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  1. Technology
November 19, 1997updated 03 Sep 2016 7:15pm


By CBR Staff Writer

In the future, there will be no salespeople. Or if there are, they will be CGI-generated holograms, not living, breathing expense-account abusing carbon units. This from former Gartner Group analyst turned marketing man Bill Hopkins, who claims to have found the only company to be able to achieve this semi- desirable end, Smart Technologies Inc, of Austin, Texas. One says semi-desirable because we all know that sales people are incredibly valuable elements of business life, and that some of my best friends, etc. But the thing about technology is that its applications seem endless, reaching into areas that one would never have thought a computer would be able to make a contribution. And while no-one wants to throw people out of employment for no good reason, sales people are by their very nature expensive, requiring lots of commission checks for the service they provide, at least at the enterprise level, where they do so much good in terms of nurturing and maintaining relationships.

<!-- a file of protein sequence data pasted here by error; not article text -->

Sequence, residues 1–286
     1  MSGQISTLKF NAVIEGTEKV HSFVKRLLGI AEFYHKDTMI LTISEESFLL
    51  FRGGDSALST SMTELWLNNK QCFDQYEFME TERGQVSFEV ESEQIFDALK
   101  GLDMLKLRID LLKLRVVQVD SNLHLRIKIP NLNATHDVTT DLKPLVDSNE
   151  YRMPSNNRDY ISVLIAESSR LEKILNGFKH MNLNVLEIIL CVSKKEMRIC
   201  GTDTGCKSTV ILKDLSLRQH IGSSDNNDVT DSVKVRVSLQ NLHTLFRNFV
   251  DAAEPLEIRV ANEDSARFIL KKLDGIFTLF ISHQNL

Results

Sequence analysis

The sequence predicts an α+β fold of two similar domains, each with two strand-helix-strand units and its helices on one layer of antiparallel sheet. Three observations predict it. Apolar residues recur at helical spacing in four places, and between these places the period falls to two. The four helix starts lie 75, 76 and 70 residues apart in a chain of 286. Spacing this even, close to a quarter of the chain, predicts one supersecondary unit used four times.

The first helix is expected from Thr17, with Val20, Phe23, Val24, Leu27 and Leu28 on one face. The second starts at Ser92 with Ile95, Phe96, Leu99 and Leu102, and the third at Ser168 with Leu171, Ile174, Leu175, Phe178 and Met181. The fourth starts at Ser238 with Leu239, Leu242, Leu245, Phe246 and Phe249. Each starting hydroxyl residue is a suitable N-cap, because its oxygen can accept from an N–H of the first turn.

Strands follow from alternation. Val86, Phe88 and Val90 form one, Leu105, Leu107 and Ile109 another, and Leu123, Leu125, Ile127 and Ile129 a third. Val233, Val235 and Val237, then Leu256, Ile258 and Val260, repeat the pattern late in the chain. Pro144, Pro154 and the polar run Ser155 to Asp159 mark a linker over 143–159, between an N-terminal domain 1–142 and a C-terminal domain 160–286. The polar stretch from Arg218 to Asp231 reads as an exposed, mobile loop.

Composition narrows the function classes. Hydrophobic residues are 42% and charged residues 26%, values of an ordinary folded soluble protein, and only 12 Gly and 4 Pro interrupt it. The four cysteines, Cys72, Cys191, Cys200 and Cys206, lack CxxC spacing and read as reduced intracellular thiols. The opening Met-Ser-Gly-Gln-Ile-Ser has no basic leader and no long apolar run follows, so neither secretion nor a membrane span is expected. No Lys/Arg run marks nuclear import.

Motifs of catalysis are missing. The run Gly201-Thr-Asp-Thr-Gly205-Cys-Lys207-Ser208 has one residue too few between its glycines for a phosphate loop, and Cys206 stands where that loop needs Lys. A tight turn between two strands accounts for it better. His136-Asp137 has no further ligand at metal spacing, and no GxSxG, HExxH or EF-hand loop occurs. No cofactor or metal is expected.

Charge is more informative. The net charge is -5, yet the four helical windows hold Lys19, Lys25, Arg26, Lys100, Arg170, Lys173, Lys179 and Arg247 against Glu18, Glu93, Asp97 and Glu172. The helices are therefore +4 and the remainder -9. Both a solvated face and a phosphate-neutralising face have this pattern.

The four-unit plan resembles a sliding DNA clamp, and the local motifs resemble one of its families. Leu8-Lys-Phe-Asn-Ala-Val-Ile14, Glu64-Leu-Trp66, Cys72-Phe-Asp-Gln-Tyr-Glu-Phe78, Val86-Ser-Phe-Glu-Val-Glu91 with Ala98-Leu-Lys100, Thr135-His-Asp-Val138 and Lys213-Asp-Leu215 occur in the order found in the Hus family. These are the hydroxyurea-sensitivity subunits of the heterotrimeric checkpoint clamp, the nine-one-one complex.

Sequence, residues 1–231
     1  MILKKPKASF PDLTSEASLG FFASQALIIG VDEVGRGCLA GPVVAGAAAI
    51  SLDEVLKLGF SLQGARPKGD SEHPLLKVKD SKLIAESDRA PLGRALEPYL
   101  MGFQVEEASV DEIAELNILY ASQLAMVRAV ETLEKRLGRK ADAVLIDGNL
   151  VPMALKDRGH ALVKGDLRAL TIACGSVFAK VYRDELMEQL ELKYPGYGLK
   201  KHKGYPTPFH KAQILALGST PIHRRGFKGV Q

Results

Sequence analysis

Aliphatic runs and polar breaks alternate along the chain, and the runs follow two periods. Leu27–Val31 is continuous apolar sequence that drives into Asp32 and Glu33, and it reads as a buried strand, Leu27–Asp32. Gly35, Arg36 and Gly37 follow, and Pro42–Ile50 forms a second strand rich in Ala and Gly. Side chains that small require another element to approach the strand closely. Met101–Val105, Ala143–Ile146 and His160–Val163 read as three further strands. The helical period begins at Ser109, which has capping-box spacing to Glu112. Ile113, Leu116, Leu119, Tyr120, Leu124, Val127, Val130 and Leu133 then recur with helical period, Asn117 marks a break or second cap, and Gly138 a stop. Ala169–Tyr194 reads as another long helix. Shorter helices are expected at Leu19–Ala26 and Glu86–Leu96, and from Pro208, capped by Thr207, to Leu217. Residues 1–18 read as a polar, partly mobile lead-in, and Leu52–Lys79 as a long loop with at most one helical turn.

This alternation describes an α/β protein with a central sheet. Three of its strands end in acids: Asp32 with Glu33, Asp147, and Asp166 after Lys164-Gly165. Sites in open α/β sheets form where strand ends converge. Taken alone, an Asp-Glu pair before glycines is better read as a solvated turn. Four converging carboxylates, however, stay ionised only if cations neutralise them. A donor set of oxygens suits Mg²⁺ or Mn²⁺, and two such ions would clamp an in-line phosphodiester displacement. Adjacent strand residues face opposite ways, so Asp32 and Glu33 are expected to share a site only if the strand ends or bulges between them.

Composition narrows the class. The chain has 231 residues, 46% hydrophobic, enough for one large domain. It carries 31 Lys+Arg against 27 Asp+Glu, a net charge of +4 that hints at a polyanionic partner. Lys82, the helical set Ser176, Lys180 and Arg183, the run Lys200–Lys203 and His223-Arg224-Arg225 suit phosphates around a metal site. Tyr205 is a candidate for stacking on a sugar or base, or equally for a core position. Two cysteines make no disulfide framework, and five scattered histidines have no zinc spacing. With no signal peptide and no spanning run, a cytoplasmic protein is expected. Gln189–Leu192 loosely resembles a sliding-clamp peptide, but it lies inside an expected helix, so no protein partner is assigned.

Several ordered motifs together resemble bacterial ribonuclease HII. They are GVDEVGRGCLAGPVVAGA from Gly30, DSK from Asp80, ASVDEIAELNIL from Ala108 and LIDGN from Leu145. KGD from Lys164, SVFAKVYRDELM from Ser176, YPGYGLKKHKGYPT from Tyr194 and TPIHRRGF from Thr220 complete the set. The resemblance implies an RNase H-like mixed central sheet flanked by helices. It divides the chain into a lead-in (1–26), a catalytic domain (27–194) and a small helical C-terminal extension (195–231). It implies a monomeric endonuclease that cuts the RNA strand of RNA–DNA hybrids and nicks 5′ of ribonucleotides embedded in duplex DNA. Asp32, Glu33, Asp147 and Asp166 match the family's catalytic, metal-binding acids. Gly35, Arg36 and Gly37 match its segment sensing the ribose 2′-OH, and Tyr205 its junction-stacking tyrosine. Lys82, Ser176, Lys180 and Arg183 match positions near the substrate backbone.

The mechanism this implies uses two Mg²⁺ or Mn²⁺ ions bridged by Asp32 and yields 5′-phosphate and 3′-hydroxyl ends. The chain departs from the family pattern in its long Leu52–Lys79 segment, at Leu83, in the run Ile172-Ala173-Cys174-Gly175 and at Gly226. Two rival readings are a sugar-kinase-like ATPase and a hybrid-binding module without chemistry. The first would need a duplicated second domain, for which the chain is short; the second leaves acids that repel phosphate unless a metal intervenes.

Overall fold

By Gary Flood